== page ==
Bill from local reps prohibits porn, obscenity in school libraries

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District 72 Ga. Representative Josh Bonner. File photo.
District 72 Ga. Representative Josh Bonner. File photo.

Parent committee to get mandatory review authority —  

A bill introduced by two local state legislators seeks to remove an existing exemption under state law that would prohibit obscene materials in elementary and secondary school libraries. The bill also proposes a community review committee and establishes penalties for violations.

<b>Rep. Karen Mathiak (R-Griffin). Photo/Submitted.</b>
Rep. Karen Mathiak (R-Griffin). Photo/Submitted.

House Bill 1041 (Out with School Obscenity Act) was introduced by Rep. Karen Mathiak (R- Griffin, south Fayette County), Rep. Josh Bonner (R-Peachtree City) and others.

Bonner said the main motivation is to try to confront the over-sexualization of kids and to allow parents to get more involved in that effort.

Bonner said the bill helps prevent obscene and pornographic materials in school libraries and provides a mandatory review by a parent committee. It also provides for penalties for those who knowingly violate the law.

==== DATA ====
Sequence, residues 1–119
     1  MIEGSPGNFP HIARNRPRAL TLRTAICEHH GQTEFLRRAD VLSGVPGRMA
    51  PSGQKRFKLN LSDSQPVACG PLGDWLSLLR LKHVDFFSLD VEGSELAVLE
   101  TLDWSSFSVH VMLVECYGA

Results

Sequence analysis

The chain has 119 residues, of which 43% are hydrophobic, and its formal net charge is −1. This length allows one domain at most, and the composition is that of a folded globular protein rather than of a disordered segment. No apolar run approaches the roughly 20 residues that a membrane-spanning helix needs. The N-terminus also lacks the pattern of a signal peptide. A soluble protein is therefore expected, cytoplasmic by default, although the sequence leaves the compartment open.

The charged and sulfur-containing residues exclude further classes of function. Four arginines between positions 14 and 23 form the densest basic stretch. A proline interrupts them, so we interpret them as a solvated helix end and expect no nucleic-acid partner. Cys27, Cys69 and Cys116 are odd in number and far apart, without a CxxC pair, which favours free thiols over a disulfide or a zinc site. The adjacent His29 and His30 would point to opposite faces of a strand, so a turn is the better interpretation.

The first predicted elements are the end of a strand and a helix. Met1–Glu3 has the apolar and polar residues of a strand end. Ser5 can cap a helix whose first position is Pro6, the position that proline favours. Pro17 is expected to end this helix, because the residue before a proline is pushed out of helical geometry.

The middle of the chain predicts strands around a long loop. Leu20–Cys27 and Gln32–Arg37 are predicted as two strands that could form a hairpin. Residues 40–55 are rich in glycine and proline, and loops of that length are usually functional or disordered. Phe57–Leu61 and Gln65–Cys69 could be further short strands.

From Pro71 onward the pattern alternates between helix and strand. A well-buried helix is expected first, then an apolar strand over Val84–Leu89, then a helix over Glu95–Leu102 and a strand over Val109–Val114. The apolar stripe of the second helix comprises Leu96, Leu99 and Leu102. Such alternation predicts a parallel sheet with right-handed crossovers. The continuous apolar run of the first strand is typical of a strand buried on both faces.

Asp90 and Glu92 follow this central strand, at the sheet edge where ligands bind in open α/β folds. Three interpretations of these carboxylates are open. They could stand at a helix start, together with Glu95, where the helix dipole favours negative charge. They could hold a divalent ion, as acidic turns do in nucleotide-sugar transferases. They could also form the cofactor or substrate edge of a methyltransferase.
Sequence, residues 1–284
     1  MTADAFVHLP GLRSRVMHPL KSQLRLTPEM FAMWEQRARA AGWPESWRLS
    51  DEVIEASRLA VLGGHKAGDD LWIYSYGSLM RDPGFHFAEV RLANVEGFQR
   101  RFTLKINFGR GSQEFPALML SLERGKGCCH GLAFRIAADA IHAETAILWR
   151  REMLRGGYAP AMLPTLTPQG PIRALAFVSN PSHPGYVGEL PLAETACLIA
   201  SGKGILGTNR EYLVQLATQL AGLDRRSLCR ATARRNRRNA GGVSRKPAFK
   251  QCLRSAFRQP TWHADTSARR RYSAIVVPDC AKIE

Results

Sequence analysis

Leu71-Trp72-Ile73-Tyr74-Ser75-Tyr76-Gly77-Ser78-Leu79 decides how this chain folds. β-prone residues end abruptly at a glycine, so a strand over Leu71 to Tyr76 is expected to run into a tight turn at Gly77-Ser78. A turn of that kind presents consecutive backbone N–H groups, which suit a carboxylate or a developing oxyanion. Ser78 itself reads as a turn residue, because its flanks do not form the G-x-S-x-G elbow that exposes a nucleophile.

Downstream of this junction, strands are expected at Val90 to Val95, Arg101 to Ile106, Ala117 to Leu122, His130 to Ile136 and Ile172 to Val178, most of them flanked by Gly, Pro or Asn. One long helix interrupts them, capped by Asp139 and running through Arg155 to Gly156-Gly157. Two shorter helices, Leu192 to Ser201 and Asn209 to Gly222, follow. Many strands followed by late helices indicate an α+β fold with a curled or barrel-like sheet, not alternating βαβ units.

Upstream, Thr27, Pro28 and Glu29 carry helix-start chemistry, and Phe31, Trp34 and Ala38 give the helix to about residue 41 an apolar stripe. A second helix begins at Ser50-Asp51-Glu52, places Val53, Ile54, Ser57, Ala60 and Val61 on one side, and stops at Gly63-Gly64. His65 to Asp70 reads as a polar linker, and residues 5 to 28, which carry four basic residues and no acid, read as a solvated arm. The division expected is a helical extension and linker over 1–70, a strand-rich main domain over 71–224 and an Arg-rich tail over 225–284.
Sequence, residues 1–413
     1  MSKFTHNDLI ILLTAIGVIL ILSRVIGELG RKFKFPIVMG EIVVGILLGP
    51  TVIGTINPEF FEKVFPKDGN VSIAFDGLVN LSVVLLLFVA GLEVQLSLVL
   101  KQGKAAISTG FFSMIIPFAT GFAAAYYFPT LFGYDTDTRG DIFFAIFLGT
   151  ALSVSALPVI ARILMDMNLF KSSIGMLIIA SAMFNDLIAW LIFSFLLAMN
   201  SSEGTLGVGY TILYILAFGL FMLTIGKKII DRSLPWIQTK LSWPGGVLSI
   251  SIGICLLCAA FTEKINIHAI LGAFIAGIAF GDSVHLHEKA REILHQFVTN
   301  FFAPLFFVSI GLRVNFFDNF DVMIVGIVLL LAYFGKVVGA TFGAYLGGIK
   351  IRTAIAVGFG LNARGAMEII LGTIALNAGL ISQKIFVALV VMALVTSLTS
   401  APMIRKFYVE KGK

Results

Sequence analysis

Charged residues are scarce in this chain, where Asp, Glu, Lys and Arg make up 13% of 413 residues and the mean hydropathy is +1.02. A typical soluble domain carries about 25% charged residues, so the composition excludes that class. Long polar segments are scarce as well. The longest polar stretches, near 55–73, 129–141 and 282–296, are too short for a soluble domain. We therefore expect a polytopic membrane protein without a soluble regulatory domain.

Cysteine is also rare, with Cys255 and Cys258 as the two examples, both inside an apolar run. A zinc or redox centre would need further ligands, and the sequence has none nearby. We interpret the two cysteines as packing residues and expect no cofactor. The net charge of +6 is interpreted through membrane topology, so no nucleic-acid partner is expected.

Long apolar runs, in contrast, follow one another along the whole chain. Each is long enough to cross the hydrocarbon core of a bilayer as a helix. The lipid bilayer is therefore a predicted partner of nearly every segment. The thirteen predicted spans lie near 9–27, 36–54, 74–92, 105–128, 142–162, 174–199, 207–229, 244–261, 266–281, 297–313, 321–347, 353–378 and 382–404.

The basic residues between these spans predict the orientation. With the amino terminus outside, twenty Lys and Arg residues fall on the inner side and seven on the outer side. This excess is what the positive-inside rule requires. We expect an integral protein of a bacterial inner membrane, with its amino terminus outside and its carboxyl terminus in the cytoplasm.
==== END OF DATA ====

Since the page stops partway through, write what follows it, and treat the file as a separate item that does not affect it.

Commenting on the bill, Protect Student Health Georgia spokesperson Noelle Kahaian said HB 1041 will remove the allowance in the Georgia code for schools to expose K-12 students to obscene materials via library books, instructional materials and online databases. It will require the boards of education to report and remove these materials, establish community review committees, provide full parental access to all digital resources and establish filtering standards for school-owned technology.

Kahaian noted that current law criminalizes disseminating obscene material to a minor, but contains an exemption for material in K-12 school libraries. The proposed bill will remove that exemption so that minors would be protected from obscenity in school as they are outside school.

“It will protect children from access to obscene books, pictures and videos while using school library media centers and school approved online database research sites and websites,” said Kahaian. “Access to these materials sexualizes our kids and makes them targets for grooming in the sex trafficking industry.”